Benefits from natural resource endowments being considered the primary channel, the regional government named a number of initiatives that will ignite the planned economic revolution. According to Addisu Arega, the region’s Communication Bureau Head, the first phase of the initiative targets transport (including oil and gas), agriculture, mining, and construction sectors. Some of the projects that have hitherto been identified include the establishment of the Oda Integrated Transport, Oromia Oil Company, Keenyaa Beverage, Ambo-Gnemer Manufacturing, and Oromia Construction.
On paper, it appears that the activities hold promise in terms of engaging hundreds of thousands of farmers and youth as shareholders. However, there are still serious concerns with these planned activities as some of them still seem to be investment plans that just went through a marathon of political decisions with little consideration of the reality on the ground; if the planned activities are to solve bread-and-butter questions, the regional government’s actions must be well-thought out and strategic.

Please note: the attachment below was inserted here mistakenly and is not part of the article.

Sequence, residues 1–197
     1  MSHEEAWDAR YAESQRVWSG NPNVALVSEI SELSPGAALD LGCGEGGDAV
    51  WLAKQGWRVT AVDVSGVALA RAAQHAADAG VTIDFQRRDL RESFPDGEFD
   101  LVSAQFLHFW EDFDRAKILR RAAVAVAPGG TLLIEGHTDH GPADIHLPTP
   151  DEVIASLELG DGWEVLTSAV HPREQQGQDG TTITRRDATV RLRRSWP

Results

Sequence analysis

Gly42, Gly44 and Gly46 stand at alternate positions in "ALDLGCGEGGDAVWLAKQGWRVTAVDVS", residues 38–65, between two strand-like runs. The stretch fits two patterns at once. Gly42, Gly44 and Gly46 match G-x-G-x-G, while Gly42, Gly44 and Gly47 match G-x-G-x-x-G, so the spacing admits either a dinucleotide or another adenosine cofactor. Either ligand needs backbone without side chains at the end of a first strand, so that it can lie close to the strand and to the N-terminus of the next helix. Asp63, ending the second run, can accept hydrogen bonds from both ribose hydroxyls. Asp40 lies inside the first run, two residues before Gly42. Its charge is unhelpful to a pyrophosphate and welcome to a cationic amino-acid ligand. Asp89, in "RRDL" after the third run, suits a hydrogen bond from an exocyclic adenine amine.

Opportunities and constraints
The ‘economic revolution’ movement may not be a novel idea but there are signs that it has already created fresh optimism and solidarity among various groups within and outside the country. To an extent dissenting voices within the Diaspora now seem to be willing to give the regional government the benefit of the doubt by adopting a wait and see position. In fact, some of these diaspora-based ardent critics of the regional state have already started to engage with the region’s officials through social media platforms by presenting business options and alternative marketing strategies for the proposed economic activities. This is an encouraging sign; it is perfectly legitimate to anticipate that, if carefully planned and properly implemented, the new ‘economic revolution’ initiatives can be a step in the right direction in terms of creating jobs, building capacity and leveraging natural resources. Indirectly, this also means that it is highly likely to attain peace and promote political stability and democracy within the region and the wider country.